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Month: May 2012

Don’t Let Your Silverware Nestle

If you’ve ever pulled out a spoon out of the dishwasher that just didn’t seem like it got as clean as everything else there’s a good chance it had nested with an adjacent spoon, blocking the dirty part from being directly sprayed with water / cleaning solution.

When placing silverware in the basket in a dish washer, set pieces so they alternate back and forth in the tray and they will be highly resistant to nestling together when jostled around by water. The result? Cleaner silverware!

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100 Miles, Turtle Rescue, and Rain

In preparation for Lumberjack 100, the training plan that I’d been following dictated an 8 hour ride today. Erik also had to ride today (but only for seven hours), and we ended up planning to meet at the Clarkston Road crossing of the Paint Creek Trail at 6am. This got pushed to 6:20am as I had to run back home and pick up a forgotten bottle and my shoes (two separate return trips), but eventually we were on our way.

The ride involved laps of Bald Mountain, Addison Oaks, and the Four Corners (Indian Lake, Barr, Drahner, and Lake George), which worked out well and tended to put us back in Addison Oaks right around the times that we were due to mix up more drink stuff. Due to a bit of slacking (and frequent pee breaks) and talking with Shari at Addison we ended up with almost two hours of downtime during the ride, so it was good that we started out so early.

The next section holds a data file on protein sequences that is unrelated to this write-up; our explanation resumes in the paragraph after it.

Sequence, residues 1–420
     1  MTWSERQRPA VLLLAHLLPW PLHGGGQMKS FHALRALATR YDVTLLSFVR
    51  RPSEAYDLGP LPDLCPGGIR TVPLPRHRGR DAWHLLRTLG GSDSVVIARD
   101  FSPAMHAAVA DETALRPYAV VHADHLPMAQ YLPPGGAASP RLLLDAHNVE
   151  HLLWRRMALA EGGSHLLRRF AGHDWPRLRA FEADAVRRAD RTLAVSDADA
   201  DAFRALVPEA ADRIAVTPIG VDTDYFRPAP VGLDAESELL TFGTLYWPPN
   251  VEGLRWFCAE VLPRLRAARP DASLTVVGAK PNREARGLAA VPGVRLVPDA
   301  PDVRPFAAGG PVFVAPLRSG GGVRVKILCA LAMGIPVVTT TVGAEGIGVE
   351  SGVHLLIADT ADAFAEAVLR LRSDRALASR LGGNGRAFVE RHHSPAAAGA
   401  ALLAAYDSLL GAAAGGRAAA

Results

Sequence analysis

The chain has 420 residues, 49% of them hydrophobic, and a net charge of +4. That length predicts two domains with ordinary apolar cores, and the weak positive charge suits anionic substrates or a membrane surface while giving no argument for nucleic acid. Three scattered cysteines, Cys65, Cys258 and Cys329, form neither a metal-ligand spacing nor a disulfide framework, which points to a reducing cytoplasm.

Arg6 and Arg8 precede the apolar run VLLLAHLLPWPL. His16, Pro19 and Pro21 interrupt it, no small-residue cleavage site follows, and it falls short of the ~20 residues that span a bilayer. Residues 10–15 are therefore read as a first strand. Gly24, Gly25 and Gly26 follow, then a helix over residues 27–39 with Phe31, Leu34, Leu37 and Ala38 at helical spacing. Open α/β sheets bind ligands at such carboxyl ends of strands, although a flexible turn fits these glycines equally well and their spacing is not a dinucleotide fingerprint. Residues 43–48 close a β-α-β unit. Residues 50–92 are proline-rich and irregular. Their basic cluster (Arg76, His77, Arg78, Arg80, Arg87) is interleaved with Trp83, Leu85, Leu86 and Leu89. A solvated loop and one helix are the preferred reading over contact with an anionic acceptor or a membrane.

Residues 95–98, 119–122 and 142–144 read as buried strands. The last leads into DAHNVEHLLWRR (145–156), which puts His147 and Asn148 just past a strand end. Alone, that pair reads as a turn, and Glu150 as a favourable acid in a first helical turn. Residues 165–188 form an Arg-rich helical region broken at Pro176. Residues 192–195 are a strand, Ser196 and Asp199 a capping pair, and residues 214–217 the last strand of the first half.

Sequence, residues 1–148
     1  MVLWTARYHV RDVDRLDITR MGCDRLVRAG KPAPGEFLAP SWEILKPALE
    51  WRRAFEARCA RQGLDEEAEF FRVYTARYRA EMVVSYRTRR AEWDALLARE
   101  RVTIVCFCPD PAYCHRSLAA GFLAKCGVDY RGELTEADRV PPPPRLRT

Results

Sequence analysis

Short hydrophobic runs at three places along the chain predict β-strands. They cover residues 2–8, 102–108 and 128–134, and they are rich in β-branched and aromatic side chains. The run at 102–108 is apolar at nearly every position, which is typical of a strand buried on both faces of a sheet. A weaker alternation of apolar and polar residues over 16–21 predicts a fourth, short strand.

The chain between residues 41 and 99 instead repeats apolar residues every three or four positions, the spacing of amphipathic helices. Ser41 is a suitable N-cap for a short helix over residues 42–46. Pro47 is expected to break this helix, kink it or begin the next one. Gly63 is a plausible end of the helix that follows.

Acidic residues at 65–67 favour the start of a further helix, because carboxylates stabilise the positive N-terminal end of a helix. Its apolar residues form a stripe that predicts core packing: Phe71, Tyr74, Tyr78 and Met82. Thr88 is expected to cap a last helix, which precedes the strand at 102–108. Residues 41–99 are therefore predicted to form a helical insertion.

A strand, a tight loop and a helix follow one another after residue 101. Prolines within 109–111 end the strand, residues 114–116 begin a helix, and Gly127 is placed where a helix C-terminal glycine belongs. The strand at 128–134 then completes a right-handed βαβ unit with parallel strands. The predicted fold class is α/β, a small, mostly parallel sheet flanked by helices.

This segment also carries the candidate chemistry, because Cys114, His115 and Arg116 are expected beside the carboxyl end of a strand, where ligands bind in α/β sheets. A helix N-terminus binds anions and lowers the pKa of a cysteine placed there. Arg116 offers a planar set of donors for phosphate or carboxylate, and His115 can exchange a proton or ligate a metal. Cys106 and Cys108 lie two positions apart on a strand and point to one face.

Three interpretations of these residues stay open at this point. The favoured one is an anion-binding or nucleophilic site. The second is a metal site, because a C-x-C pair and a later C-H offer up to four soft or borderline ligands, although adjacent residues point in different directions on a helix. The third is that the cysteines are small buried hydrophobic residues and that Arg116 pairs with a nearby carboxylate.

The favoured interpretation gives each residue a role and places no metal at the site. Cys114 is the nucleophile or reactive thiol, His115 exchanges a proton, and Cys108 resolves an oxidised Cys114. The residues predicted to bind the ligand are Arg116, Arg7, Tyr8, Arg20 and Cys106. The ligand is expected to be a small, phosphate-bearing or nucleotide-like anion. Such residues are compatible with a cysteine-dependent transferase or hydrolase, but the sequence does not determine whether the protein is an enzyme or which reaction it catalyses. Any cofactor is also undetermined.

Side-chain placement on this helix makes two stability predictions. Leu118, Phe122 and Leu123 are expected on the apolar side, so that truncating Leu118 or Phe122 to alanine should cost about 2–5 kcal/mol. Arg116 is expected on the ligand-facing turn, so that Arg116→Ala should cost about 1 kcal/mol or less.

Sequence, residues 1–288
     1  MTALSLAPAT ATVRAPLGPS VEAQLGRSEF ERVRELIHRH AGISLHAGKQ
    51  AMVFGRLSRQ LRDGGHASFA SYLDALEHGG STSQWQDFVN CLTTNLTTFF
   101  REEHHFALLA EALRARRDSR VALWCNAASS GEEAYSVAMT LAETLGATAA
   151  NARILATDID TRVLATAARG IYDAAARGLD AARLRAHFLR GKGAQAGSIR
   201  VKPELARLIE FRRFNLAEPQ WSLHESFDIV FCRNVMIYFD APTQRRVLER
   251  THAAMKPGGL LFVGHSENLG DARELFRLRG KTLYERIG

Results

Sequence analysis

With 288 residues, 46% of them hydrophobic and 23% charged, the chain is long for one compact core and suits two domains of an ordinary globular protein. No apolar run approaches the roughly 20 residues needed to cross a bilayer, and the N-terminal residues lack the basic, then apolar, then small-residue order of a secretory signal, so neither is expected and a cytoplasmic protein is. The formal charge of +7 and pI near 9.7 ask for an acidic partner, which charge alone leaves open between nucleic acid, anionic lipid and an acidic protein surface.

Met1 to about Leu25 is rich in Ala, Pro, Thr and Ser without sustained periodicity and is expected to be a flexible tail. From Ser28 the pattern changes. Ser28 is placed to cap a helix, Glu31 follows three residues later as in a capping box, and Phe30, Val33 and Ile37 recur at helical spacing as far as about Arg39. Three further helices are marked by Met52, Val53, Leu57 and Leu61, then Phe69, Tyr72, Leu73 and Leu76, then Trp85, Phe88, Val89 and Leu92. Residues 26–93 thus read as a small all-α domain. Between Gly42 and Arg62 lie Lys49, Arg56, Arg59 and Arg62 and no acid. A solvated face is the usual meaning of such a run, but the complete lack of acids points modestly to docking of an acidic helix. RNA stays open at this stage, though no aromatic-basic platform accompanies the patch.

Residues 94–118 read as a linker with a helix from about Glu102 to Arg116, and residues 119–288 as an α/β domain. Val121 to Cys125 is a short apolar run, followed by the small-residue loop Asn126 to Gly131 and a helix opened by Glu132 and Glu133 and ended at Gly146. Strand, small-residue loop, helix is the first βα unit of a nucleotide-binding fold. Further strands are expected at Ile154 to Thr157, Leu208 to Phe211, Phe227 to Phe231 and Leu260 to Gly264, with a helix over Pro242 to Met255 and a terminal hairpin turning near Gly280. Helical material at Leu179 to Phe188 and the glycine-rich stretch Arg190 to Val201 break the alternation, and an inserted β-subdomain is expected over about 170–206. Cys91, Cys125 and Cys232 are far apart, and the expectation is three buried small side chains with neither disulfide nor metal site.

Just after the 7 hour (moving time) mark we were near the cabins at Bald Mountain and Erik headed back towards his car while I started thinking about what I wanted to do for the next hour. With my computer saying I’d already ridden ~82 miles, I got an itch to try and go for a full 100 miles (often referred to as a century). I finished up the lap of Bald Mountain then rode back over to Addison Oaks, as mental calculations told me this should put things at just past the goal.

Despite angry looking clouds and a beautiful front passing over us this morning, we missed getting rained on. Half-way through this final lap of Addison Oaks the skies once again darkened, but this time I wasn’t so fortunate. Heavy winds gave way to drips, and by the time I got back to Bald Mountain a solid rain was falling. This lasted throughout the rest of the trail and for most of my ride back, but ended just as I reached the parking lot, which was fortunate as it made putting things away and changing much easier.

All said, this was a really good ride. I ticked off just over 100 miles, for the first time ever. While tired I still could have ridden more, as my legs were (and still are) feeling pretty good and not too much of me is sore. Reviewing the post-ride data I think I should probably have kept my heart rate a little higher to conform to the training plan requirements, but hopefully things will be fine in a couple weeks.

One odd thing from today’s ride: we kept encountering turtles, some of whom needed a bit of help. Two of them were on roads (and bound to get hit), with one having clearly fallen down a dirt embankment which it wouldn’t been been able to climb. These were relocated off into the brush in the direction they had been going. Three more were found on trails where bikes could easily hit them, but only two of these were moved as one was a basketball-sized snapping turtle (seen above). Finally — and unfortunately — there was a sixth turtle on Indian Lake Road which had already been hit.

Now that I’m home and having finished a large meal from Khom Fai I think it’s time to consider a shower and then bed. I’ve been up since ~4:05am and sleep is sounding good.

Here is the GPS plot and stats for today’s ride: link.